Saturday, January 07, 2012


Paraplegia News (PN) April 2006

Reason & Remarks

Editor Cliff Crase

Utopia Remembered

"Did you have a hard and trying winter? Did you just pick up your Paraplegia News after pushing your cold-rimmed wheelchair through a snow bank? Why not get away from it all? Visit Sunny Mexico! The El Dorado of the Western Hemisphere! Mexico, a Paradise for Paraplegics!" The aforementioned were some of the intriguing introductions of numerous articles in PN in the mid-1950's, written by nomadic paralyzed veterans searching the tantalizing territory south of the Rio Grande for a warm climate. What was discovered were friendly folks, accessible housing, and affordable personal attendant care - a perfect place to vacation or settle down.

In subsequent issues from the 1960's and 70's, appealing advertisements accompanied the "come hither" articles: "Why Mexico?...Because it offers a new kind of wheelchair living. Special facilities for quadriplegics and paraplegics mean that Guadalajara's famed hospitality, perfect year-round climate, and relaxed colorful living can be yours now - at an amazingly low cost for vacationers or long-term residents. Modest rates include personal care, wholesome meals, laundry, a private swimming pool, and chauffeur service. Nursing care available, sightseeing tours, and entertainment arranged. Accommodations from single rooms to family units."

The claims in the ads were answered prayers to hundreds of wheelchair users who were holed up in long-term medical facilities, inaccessible houses, or apartments up north, in many cases with limited funds. This definitely sounded like an affordable haven just south of the border.

Decades ago one of the many reason Mexico was such an enticing destination was that a person could enjoy a comfortable life after surviving a catastrophic injury. Few World War Two veterans who incurred spinal-cord injuries (SCIs) on the battlefield could anticipate longevity. Subsequently, when PVA was founded the mission was to work with the medical establishment to address the lack of knowledge about the care, cure, and first-response treatment of SCIs, and, just as importantly, to strongly encourage Congress and the Veterans Administration (VA) to recognize the lack of facilities to accommodate paralyzed patients and their special needs. Thus, with the progress of modern medicine and vastly improved medical facilities, survival years dramatically increased.

For those of us who never took advantage of the Mexico experience, and for the folks who were not around at the time and are just curious, we're in luck. A book coming off the press, QUADALAJARA - The Utopia That Once Was, is written in first-person by Jack Tumidajski. Yes, so many quads flocked to the historic city of Guadalajara, 50 miles south of Mexico City, the gringos spelled their new-found paradise with a "Q" instead of a "G."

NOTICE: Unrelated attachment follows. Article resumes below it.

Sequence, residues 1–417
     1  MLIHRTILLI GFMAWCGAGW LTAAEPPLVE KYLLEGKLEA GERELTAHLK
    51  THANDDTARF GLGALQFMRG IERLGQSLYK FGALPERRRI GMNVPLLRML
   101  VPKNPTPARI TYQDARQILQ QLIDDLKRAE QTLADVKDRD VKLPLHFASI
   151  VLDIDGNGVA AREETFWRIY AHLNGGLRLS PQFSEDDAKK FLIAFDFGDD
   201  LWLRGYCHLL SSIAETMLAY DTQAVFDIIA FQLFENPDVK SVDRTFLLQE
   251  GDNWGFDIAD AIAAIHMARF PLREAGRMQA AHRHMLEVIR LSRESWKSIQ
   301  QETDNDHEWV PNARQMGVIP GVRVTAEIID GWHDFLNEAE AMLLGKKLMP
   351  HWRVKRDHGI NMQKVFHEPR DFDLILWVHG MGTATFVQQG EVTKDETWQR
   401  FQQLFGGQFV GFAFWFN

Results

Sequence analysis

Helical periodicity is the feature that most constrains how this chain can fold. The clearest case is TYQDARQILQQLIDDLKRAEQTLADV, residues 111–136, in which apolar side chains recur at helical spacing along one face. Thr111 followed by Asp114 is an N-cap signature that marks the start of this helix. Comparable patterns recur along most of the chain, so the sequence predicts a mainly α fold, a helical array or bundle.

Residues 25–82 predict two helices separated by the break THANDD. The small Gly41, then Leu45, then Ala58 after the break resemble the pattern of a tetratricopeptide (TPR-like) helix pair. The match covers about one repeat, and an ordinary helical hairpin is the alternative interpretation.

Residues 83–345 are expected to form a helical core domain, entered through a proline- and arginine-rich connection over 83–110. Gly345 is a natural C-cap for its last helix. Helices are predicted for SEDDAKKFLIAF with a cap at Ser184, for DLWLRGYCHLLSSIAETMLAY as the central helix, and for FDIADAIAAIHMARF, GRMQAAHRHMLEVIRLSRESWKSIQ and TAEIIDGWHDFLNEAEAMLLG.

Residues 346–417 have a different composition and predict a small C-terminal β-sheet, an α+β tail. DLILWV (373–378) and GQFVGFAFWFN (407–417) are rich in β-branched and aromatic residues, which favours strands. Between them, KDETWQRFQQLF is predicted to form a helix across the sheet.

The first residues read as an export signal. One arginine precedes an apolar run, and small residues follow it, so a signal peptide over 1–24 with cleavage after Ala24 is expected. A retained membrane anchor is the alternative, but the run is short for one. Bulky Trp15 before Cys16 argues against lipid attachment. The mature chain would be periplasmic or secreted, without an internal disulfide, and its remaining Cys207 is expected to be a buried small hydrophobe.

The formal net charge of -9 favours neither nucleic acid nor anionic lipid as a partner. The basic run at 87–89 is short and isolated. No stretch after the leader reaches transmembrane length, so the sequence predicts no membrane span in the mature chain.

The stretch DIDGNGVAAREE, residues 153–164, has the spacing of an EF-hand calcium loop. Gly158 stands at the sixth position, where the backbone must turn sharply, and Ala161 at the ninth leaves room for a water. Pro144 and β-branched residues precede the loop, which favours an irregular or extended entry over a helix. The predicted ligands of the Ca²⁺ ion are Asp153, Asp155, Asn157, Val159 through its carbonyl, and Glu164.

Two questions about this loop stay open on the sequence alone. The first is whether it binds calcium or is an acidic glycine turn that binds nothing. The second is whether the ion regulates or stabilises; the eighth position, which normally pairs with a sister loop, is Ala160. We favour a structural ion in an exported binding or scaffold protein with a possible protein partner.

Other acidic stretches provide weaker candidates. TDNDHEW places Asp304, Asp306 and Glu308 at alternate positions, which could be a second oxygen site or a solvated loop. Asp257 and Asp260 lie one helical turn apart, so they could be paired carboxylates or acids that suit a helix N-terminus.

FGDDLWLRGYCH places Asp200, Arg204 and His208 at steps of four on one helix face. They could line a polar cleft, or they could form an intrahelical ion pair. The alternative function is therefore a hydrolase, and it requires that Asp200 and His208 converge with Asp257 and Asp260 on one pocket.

Don't even think about correctly pronouncing Tumidajski. Don't even ask. I did, and...well, the Polish Kid took a deep breath and explained, "I was taught by my family 'Tum i dice key, ' accent on 'Tum.' But recently two Polish sweeties, one a therapy student in San Diego and the other a Red Lobster employee, pronounced it 'Tu may das key' and 'Tu me dice key, ' accent on 'Tu.'" Then, he mentioned how his siblings and cousins had their pronunciations Americanized. But I digress. I gave up and just called him Jack.

The book covers Jack's family life prior to enlisting in the Army, and his Vietnam experience, including the R&R trip to Bangkok. He survived combat action and the exotic Bangkok nightlife only to become a C6-7 quad as a passenger in a car accident while home on leave. Jack details his never-ending road to recovery, the multiple setbacks, and his longing for independence. After taking a couple of trips to Las Vegas to hone his gambling skills and, ahem, socialize with the locals, Jack continued to seek more independence from an existence that can only be experienced by someone who constantly has to rely on attendants. Jack headed for the border, where he found a whole different world and could live the good life paralyzed and in a wheelchair. He had plenty of good company and found his niche in the friendly community of Quadalajara.

Jack takes readers through the creation and politics of the Mexico PVA Chapter, the success and eventual demise of the clubhouse known as Paradise Central, gambling gringos, and his and others' love affairs. The lad from Pawtucket, R.I., bundles up the saga with numerous photos, press clips, and a narrative that exudes a feeling that you were there - and, finally the migration north and adios, Mexico.

To order a copy of QUADALAJARA - The Utopia That Once Was, go to

(Personal Note: Cliff Crase passed away in 2007. Rest in Peace, My Friend...)


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